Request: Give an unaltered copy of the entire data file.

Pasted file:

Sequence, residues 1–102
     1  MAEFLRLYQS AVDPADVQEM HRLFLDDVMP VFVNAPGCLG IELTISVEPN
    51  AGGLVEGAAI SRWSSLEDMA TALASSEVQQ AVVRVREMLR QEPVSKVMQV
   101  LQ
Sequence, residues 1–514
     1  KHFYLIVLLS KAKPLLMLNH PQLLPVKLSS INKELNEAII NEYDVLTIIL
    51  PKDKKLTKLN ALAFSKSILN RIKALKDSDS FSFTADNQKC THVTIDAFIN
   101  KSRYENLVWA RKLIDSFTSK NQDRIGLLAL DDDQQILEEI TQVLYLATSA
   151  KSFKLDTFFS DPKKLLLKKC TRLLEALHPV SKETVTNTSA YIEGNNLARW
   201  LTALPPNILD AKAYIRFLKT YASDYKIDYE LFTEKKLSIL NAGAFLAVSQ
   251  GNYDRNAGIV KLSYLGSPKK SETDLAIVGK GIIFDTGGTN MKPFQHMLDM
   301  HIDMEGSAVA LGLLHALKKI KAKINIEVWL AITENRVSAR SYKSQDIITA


Sequence, residues 1–102
     1  MAEFLRLYQS AVDPADVQEM HRLFLDDVMP VFVNAPGCLG IELTISVEPN
    51  AGGLVEGAAI SRWSSLEDMA TALASSEVQQ AVVRVREMLR QEPVSKVMQV
   101  LQ
Sequence, residues 1–514
     1  KHFYLIVLLS KAKPLLMLNH PQLLPVKLSS INKELNEAII NEYDVLTIIL
    51  PKDKKLTKLN ALAFSKSILN RIKALKDSDS FSFTADNQKC THVTIDAFIN
   101  KSRYENLVWA RKLIDSFTSK NQDRIGLLAL DDDQQILEEI TQVLYLATSA
   151  KSFKLDTFFS DPKKLLLKKC TRLLEALHPV SKETVTNTSA YIEGNNLARW
   201  LTALPPNILD AKAYIRFLKT YASDYKIDYE LFTEKKLSIL NAGAFLAVSQ
   251  GNYDRNAGIV KLSYLGSPKK SETDLAIVGK GIIFDTGGTN MKPFQHMLDM
   301  HIDMEGSAVA LGLLHALKKI KAKINIEVWL AITENRVSAR SYKSQDIITA